A conversation with GitHub’s senior director of diversity, inclusion, and belonging strategy, Demetris Cheatham

‘Diversity and inclusion impacts the entire business strategy.’
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· 4 min read

Demetris Cheatham’s path to HR was anything but typical—she worked in politics, finance, and at the National Bar Association along the way. Now senior director of diversity, inclusion, and belonging strategy at open-source programming platform GitHub, she spoke to HR Brew about how she came to HR and the ways in which the field needs to change.

How long have you been in HR and why did you choose this career path?

I [previously] ran the National Bar Association. While I wasn’t in HR, I had to manage the HR function. The chief human resources officer reported to me—same thing when I served as a chief of staff to a DC government official. But it was when I joined Red Hat…that I actually sat as part of the HR function…That’s when I got to learn more about how diversity and inclusion impacts the entire talent lifecycle from employee branding and recruitment, all the way through to succession planning and even exit interviews.

What are some of your biggest challenges as an HR professional? Which are the most rewarding?

The most challenging and rewarding [issue] is this whole concept around scale versus impact. We started a pilot [of an online program for underrepresented students in tech] with 30 students. I knew the students and their résumés by heart…We were able to get all of those students internship opportunities, and many of them got full-time offers. But we had to scale the program. This year, we are at over 300 students in the program. Next year, we’re going to 1,500 students, with a goal of reaching 5,000 students within a span of three years…It’s amazing that we’re able to touch many more students, but is [scaling] at the expense of making a meaningful difference in their lives and really making sure that we’re able to measure the impact that we’re having?

Have you ever thought about leaving HR? If yes, why and what compelled you to stay?

The reason why I’ve thought about leaving HR primarily is because diversity and inclusion impacts the entire business strategy. I’ve seen that here at GitHub. Instead of me just focusing on that talent lifecycle, I work with marketing, with our events team, on our platform and how equity shows up there. I’m sometimes working with financial decisions, in our communities. To really have a diversity and inclusion strategy that actually makes a difference, that has the impact, I think [my role] needs to sit outside of HR. That’s a school of thought that research agrees with and supports. Still, a lot of companies still have it inside of their HR function for a whole host of reasons. So, that’s one of the reasons why I haven’t totally left it.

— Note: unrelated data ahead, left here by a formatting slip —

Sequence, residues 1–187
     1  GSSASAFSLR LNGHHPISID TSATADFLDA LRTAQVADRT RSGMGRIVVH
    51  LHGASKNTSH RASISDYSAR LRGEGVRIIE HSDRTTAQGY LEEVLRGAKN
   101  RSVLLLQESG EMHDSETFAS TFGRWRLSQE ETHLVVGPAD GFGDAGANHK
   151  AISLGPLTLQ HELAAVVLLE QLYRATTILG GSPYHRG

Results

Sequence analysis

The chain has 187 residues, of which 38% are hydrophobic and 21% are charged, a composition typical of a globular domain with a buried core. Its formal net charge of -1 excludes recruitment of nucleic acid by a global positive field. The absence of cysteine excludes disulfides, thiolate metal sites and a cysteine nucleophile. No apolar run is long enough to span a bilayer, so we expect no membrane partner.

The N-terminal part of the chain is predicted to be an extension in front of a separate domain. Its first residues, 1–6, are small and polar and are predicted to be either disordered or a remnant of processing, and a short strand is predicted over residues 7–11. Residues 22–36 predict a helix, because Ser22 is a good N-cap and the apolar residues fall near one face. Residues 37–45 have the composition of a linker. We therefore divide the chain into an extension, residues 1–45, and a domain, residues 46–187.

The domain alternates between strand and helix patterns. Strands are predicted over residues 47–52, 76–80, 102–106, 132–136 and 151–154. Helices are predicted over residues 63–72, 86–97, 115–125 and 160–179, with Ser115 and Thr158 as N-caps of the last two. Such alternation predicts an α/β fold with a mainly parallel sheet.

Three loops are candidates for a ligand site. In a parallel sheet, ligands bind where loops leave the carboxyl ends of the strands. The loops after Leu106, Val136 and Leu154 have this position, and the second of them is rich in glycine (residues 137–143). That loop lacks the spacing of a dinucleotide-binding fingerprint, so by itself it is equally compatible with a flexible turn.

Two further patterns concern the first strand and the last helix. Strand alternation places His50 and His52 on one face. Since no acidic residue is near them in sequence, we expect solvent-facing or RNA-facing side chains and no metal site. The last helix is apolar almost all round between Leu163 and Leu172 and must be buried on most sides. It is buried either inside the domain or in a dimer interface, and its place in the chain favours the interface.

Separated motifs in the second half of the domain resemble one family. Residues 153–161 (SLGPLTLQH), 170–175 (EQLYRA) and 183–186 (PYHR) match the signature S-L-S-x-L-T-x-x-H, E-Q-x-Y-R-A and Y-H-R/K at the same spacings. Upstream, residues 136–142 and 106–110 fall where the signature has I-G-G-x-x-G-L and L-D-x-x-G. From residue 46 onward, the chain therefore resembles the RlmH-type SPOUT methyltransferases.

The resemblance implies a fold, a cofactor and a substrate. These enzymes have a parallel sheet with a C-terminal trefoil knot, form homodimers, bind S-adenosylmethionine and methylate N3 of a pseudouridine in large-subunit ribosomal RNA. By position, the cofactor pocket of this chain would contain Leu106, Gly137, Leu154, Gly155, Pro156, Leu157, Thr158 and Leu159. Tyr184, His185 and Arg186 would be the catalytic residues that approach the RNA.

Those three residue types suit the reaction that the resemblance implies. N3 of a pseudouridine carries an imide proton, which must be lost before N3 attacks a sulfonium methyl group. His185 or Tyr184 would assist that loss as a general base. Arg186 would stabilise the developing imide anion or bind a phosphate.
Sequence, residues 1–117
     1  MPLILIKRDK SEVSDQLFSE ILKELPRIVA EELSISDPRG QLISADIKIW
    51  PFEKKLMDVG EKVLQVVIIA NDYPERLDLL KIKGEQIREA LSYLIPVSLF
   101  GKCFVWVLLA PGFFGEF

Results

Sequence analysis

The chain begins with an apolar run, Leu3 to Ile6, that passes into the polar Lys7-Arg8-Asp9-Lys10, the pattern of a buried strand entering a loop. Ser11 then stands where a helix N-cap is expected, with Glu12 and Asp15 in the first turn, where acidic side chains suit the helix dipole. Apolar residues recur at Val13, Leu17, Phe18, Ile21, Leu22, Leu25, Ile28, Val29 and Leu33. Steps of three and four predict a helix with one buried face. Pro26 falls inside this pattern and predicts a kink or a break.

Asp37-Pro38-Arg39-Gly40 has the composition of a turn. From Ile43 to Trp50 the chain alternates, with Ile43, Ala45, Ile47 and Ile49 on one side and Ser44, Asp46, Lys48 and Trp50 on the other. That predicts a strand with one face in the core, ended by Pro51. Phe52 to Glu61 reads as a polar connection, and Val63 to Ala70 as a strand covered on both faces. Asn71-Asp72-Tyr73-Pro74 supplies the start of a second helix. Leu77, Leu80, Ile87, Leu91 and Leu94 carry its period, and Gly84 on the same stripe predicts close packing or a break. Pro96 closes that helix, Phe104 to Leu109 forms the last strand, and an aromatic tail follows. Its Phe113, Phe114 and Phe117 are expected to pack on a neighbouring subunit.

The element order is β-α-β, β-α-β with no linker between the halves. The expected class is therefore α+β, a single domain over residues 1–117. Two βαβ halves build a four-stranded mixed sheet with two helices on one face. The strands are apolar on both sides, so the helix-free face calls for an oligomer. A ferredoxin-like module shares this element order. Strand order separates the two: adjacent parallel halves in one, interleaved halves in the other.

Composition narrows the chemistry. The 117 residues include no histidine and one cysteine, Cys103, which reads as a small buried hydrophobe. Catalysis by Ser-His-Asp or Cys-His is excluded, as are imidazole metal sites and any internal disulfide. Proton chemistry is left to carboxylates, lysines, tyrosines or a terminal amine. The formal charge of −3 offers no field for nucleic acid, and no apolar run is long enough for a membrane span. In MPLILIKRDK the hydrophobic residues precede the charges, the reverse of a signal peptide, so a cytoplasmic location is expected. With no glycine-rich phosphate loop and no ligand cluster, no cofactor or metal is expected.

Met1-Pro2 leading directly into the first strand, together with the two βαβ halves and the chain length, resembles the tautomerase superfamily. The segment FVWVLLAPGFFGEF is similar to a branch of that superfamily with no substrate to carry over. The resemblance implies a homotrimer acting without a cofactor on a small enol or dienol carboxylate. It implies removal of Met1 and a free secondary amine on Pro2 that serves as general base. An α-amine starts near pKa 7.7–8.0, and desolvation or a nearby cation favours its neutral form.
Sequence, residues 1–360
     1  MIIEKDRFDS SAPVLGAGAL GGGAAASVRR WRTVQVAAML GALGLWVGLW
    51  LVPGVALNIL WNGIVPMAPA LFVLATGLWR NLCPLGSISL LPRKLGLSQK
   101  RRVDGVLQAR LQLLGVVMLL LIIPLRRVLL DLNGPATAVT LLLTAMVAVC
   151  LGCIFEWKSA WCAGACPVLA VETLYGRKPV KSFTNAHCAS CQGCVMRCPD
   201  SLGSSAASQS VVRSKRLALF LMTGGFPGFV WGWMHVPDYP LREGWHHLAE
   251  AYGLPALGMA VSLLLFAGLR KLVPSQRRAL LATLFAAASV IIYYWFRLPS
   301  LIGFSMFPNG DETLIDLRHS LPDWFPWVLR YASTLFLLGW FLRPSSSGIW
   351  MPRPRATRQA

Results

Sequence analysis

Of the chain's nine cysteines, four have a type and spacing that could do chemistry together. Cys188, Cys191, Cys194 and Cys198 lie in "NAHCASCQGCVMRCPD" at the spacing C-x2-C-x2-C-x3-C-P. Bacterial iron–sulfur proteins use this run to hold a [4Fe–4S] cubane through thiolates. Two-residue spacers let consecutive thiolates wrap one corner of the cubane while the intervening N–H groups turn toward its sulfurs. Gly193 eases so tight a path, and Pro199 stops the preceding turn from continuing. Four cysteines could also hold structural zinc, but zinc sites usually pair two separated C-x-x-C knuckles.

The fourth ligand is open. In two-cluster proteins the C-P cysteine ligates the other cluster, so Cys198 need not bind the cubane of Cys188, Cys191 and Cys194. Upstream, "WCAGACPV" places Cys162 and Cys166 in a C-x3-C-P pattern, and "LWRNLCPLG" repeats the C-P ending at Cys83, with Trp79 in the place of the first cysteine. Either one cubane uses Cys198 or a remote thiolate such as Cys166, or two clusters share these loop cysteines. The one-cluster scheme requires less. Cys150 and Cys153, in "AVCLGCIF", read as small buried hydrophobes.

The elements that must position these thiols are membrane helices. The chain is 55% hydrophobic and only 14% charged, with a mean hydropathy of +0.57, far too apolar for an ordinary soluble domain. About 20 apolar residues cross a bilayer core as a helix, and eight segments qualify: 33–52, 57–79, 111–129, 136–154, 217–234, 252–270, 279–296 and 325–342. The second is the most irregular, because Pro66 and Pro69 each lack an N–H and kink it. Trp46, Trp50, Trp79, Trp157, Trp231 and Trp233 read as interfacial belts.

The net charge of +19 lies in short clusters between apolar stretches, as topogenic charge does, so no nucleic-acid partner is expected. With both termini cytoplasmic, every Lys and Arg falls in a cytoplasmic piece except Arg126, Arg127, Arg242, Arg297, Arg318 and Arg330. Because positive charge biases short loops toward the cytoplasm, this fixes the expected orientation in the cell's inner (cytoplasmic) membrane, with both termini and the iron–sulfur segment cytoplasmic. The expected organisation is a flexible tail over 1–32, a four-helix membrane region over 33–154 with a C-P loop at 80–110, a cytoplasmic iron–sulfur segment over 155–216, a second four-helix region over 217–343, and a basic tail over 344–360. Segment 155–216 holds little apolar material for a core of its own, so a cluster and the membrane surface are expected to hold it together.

HR is challenging. HR news doesn’t have to be.

HR Brew keeps you effective in the fast-changing business environment.

Are you a member of any ERGs?

I am, and I have to be very careful about that, because in my role I’m supposed to be a little bit neutral. But I’m very active in our Black ERG the Blacktocats, which is the very first ERG started here at GitHub.

In what ways does the HR field still need to change?

From a diversity and inclusion lens, we should get responsible about the language that we use. We’ve tried to build an umbrella big enough for all things that we’re not focusing on anything. Whether we’re talking about racial equity or accessibility and disability—are we talking about physical disability or neurodiversity? Instead, we just want to couch it under “persons with disabilities,” and then we’re not solving for anything. I’ve learned that from our new head of accessibility here at GitHub, who is blind…when we talked about disability, we were looking at it from neurodiversity perspective, mental disability, intellectual disabilities, and it took me traveling with him to understand that there’s a whole population that we are not talking about under the umbrella of disability.

It’s easy for us to just rely on nomenclature, that’s a catch-all. But we’re just not addressing the unique concerns and the unique challenges, as well as stepping into the unique opportunities when we call it by the name and what it is.

HR is challenging. HR news doesn’t have to be.

HR Brew keeps you effective in the fast-changing business environment.